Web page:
Fanning saves powerful but pretentious ‘Ginger & Rosa’
Published: Friday, April 5, 2013 at 4:41 p.m.
Last Modified: Friday, April 5, 2013 at 4:41 p.m.
Growing up is hard. Growing up when your family is disintegrating around you and the threat of nuclear annihilation seems greater than ever is overwhelming.
‘Ginger & Rosa’
Starring: Elle Fanning, Alice Englert, Christina Hendricks, Alessandro Nivola, Annette Bening
This is the premise of “Ginger & Rosa,” a new film from Britain written and directed by Sally Potter, a relative unknown on this side of the Atlantic. A complicated, nuanced coming-of-age tale that attempts to juggle several complex topics at once (the sexual revolution of the 1960s, nuclear proliferation, a domestic drama), the movie occasionally flounders under its own weight but is mostly salvaged by a remarkable bevy of performances and strong production values.
After opening with documentary footage of a nuclear explosion and the aftermath of Hiroshima in August 1945, the movie quickly introduces us via montage to the title characters, who were born in 1945 to mothers in adjoining hospital beds in London. Flash forward to 1962, and Ginger (Elle Fanning, younger sister of Dakota) and Rosa (Alice Englert in her first feature role) are inseparable friends. As the tumult of the ’60s swells and the ever-present threat of nuclear war hangs over their lives, the girls throw themselves headlong into the counterculture world, ditching school and familial obligations to protest the bomb, take in the bar/club scene and hook up with fellow rebels in dingy back alleys (don’t worry, it’s all PG-13; we are dealing with underage teens here).
Things get complicated and a plot begins to emerge when Roland (Alessandro Nivola), Ginger’s emotionally distant activist father, separates from her mother, Nat (Christina Hendricks). This ends up being the first in a series of crises for Ginger as her world begins to unravel around her.
This is clearly a project that’s near and dear to Potter’s heart; the lavish cinematography, highly emotional subject matter and her intimate directorial style make that much clear. However, Potter’s attachment to the movie is simultaneously a great strength and a damning weakness; individual vignettes pop, but the dialogue is overwrought and the pacing is a mess. This is particularly evident during the first 20 minutes or so: the scenes all look pretty, but there’s no sense of connectivity or that the movie is going anywhere.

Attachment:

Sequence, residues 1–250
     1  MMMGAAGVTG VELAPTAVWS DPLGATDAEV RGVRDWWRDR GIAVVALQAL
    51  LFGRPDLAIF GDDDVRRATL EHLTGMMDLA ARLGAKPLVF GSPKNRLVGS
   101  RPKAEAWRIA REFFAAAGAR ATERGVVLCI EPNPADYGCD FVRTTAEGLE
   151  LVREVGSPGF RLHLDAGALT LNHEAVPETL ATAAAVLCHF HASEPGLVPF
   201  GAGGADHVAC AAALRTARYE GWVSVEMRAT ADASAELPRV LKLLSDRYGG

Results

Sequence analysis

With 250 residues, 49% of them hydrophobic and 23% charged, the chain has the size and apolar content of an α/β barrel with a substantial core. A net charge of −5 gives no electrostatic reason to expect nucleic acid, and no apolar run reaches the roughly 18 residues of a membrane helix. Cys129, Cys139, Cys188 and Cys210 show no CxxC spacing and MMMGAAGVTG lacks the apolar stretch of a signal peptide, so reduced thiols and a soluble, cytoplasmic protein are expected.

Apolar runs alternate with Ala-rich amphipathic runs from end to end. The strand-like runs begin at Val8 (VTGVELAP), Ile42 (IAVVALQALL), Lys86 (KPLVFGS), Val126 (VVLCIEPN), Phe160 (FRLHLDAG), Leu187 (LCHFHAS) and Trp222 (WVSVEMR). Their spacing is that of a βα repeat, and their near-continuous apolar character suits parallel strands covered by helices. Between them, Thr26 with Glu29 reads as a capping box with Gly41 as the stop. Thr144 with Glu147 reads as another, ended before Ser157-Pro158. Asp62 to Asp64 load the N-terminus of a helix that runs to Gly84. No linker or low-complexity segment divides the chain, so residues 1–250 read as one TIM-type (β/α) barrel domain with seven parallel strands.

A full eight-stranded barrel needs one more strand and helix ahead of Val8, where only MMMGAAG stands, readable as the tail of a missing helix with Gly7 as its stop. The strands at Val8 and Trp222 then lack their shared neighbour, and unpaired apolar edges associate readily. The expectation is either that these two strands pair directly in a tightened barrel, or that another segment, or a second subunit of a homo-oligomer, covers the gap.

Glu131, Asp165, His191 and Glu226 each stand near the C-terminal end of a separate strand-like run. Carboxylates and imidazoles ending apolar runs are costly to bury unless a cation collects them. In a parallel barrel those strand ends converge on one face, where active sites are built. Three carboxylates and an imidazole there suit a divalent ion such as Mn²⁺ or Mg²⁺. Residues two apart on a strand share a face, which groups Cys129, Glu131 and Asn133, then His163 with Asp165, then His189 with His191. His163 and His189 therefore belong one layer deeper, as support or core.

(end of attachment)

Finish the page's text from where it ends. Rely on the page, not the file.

Thankfully, the movie’s stellar cast makes up for most of its shortcomings. Hendricks brings a lot of depth and nuance to what could’ve been a thankless tormented mother/wife role. As Roland, Nivola is equally good at slowly peeling away the layers of a deeply wounded man who uses the cover of intellectualism to justify his selfish ends. Englert ends up being shortchanged a little as Rosa, but she makes the most of her somewhat limited screentime and turns in a noteworthy performance, particularly in her scenes with Fanning. Similarly, Timothy Spall, Oliver Platt and Annette Bening all delight in bit roles as activists in the counterculture movement.
But the dominant force on screen, without question, is Fanning. Even when Potter gives her the most ridiculous, pretentious dialogue (she has one really bad line about “bourgeois death traps”), Fanning’s delivery and expressiveness make her utterly fascinating to watch. As Ginger’s world collapses about her, culminating in a devastating betrayal by Roland and Rosa, Fanning masterfully captures her growing despair and desperation without going overboard on the hysterics.
The trade-off you’re supposed to get in supposed “art house” fare like “Ginger & Rosa” is less reliance on overblown Hollywood spectacle in return for emphasis on human drama. While the movie occasionally trips over itself, there’s enough good stuff to easily justify a recommendation, if only to say you were there to see a star being born in Elle Fanning.